The nice people at ACTA Sports have agreed to send me the projections section from the Bill James 2010 handbook and asked me to whatever I please about it. In return, they send me a free copy of the final book. I am mentioning this because the FTC has made it clear that if I don’t, men in black suits may show up at my apartment and fine me or strip search me or something ridiculous like that.
If you’ve been a WHYGAVS reader for any amount of time, you know that my favorite part of the off-season is assimilating the projections released by various people and trying to figure out just what they mean for the Pirates in the coming season. This year, I’m partcularly interested in four position players; Andrew McCutchen, Garrett Jones Andy LaRoche, Lastings Milledge. I’m interested in Zach Duke and Ross Ohlendorf as well, but projecting pitchers is a much more difficult art than projecting hitters and As always, remember that projections shouldn’t be viewed as literal predictions of the future, but rather as guidelines of what’s reasonable to expect from a player based on their past and how similar players’ careers progress.
Andrew McCutchen exceeded all of the projections for him, showing power and plate patience that exceeded even his 90% percentile PECOTA projection (subscription required), which means that PECOTA specifically calculated that based on his minor league numbers, there was only about a 10% chance that he’d have the season that he did. Because he’s only 22, we can safely assume that at least some portion of Cutch’s huge rookie year was due to real improvement. But how much? More to the point, can he duplicate 2009, or is he due for a step backwards?
The James projection for McCutchen is .281/.353/.430 with 12 homers, 31 doubles, and 7 triples in 625 plate appearances. That more or less transposes his career minor league line (.286/.362/.423) onto his 2010 season. This projection raises what I think is the biggest question about McCutchen’s 2010 season; how much of his power surge in 2009 was real? In 108 games with the Pirates, he hit 13 homers, 26 doubles, and nine triples. In his entire minor league career, he only hit more than 13 homers over a full season in 2004, he only matched 26 doubles once (in 2008), and he never hit nine triples. This projection isn’t unreasonable and I don’t know if McCutchen will match his .471 slugging percentage next year, but I think that he’ll do better than .430. One problem with James’ projections that I notice every year is how heavily they weight minor leauge performance for young players, even in the face of ample big league evidence (more on this in a bit).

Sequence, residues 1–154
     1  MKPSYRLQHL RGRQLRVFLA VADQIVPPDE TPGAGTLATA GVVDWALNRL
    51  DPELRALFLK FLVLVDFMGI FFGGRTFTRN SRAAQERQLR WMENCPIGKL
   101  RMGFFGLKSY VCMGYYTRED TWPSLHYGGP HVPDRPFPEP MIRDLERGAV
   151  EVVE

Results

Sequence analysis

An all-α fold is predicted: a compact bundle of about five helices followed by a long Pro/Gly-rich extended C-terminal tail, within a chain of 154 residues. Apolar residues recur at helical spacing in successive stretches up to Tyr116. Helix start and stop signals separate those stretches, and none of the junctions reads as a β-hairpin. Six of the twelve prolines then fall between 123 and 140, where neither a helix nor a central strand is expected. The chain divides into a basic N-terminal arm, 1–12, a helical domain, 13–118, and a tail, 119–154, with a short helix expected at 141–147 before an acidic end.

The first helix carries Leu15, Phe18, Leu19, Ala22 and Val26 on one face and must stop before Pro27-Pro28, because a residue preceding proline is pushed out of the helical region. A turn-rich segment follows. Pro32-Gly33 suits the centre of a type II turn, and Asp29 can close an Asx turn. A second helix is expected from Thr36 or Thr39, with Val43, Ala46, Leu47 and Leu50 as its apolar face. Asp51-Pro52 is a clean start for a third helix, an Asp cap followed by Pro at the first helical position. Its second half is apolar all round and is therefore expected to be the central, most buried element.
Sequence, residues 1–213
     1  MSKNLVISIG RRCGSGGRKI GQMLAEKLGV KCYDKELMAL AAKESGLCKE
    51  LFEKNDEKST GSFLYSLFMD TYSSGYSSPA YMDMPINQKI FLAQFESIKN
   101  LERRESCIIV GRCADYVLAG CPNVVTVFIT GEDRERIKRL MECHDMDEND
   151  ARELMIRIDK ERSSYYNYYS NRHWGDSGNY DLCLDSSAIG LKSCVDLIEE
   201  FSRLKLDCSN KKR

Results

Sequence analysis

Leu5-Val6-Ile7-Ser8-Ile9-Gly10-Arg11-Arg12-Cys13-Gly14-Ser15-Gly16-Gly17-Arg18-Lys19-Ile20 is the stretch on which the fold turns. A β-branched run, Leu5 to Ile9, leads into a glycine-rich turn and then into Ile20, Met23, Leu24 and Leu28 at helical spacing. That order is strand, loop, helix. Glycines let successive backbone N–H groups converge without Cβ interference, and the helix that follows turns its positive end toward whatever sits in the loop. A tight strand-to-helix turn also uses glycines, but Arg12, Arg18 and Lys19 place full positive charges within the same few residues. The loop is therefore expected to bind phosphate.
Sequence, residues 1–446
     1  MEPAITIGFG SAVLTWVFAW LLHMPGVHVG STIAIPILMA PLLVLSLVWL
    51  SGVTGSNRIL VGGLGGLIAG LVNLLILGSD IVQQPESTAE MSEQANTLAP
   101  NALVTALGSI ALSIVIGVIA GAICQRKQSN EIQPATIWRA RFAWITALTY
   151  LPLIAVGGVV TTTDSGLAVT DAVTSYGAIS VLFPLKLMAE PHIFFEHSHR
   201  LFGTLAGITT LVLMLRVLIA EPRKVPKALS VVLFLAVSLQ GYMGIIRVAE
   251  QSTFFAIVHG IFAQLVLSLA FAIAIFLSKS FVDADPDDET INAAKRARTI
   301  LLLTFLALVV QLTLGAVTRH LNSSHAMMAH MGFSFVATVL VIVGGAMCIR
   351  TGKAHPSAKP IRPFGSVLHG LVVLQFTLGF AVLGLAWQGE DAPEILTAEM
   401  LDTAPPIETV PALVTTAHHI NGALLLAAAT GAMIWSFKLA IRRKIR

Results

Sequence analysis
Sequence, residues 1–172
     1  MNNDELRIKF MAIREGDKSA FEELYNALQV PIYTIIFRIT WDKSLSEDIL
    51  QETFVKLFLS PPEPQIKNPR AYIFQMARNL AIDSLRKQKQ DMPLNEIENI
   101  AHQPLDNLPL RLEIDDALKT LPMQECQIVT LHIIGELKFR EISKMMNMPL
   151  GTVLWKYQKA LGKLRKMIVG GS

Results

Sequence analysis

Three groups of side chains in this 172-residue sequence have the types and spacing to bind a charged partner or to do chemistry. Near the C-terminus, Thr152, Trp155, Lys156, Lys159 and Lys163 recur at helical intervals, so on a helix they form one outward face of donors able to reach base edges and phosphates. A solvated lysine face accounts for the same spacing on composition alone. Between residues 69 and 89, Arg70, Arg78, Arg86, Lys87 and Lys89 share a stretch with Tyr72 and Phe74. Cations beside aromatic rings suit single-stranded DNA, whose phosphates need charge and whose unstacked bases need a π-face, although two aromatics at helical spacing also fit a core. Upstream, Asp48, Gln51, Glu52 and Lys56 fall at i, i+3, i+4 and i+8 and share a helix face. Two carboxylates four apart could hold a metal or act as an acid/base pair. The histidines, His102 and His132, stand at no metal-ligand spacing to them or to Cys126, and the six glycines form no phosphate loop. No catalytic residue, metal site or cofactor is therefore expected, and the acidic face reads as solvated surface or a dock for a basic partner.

I don’t honestly have a lot to say about Garrett Jones’ .271/.330/.479 with 25 homers and 35 doubles other than to say that it feels about right. For as much as it might seem like I’m hard on the guy or negative about his future, there just aren’t many players that show up on the scene at the age of 28 and mash like he did for as long as he did out of almost nowhere. I’m interested in Jones and where his career goes from here because he’s unique. And I certainly hope he keeps proving me wrong.
The next two projections that I’m interested in are kind of intertwined. Lastings Milledge and Andy LaRoche are both part of Neal Huntington’s “acquire blue chip talent when the stock is low and hope it goes back up” initiative and their ability to cash in on that talent will have a big impact on whether we’re waiting for 2011 or 2015 as Pirate fans.
For LaRoche, I’m curious how his projections change from last year’s. Coming into 2009, he had awesome minor league numbers and almost unbelievably pathetic big league stats. James’ projection system pegged him for .252/.347/.401 with 18 homers and 23 doubles. LaRoche ended up hitting .258/.330/.402 with 12 homers, 29 doubles, and five triples. James’ projection was pretty close, except for a dip in OBP. So for 2010, the projection calls for more of the same: .254/.338/.402 with 15 homers, 28 doubles, and two triples. And that’s not a bad projection. What puzzles me is that both Steve Pearce (.261/.328/.450) and Brandon Moss (.269/.345/.430) are both projected for better lines (albeit in limited action) despite proving pretty clearly that they can’t hit at a big league level.
This is just rambling on my part, but the projection by James underscores the urgency of this stage of LaRoche’s career. He turned 26 in September, which means that while he’s not so old that we shouldn’t give up hope that he has a breakthrough at the plate, he’s also not so young that we should expect it. The same can almost be said for Lastings Milledge. He’ll be 25 next April and while I’m willing to buy that his injury and change of scenery affected his production last year, one more year without the ephemeral “breakthrough” means that expectations are diminishing for him, as well. Last year the James projections called for a .281/.347/.439 performance from Milledge with 15 homers, 27 doubles, and three triples. The 2010 projectioin sees .283/.340/.413 with 11 homers, 30 doubles, and three triples. Less power and less plate discipline; the two things Milledge really lacked with the Pirates despite hitting .311 in his last 44 games.
Of course, each of these four projections come with their own grains of salt. McCutchen blew every projection out of the water last year, Jones doesn’t have historical comps, and LaRoche and Milledge are both young enough with enough talent to right their ships. Looking at these projections and the age of some of these guys, specifically Milledge and LaRoche, kind of indicates to me that while 2010 may not be an important year for the Pirates in the standings, it’s going to be huge in the development of this team.
If you’re interested in the rest of the projections, plus John Dewan’s yearly plus/minus defensive ratings, and lotso of other baseball minutiae you can buy the Bill James Handbook 2010 here.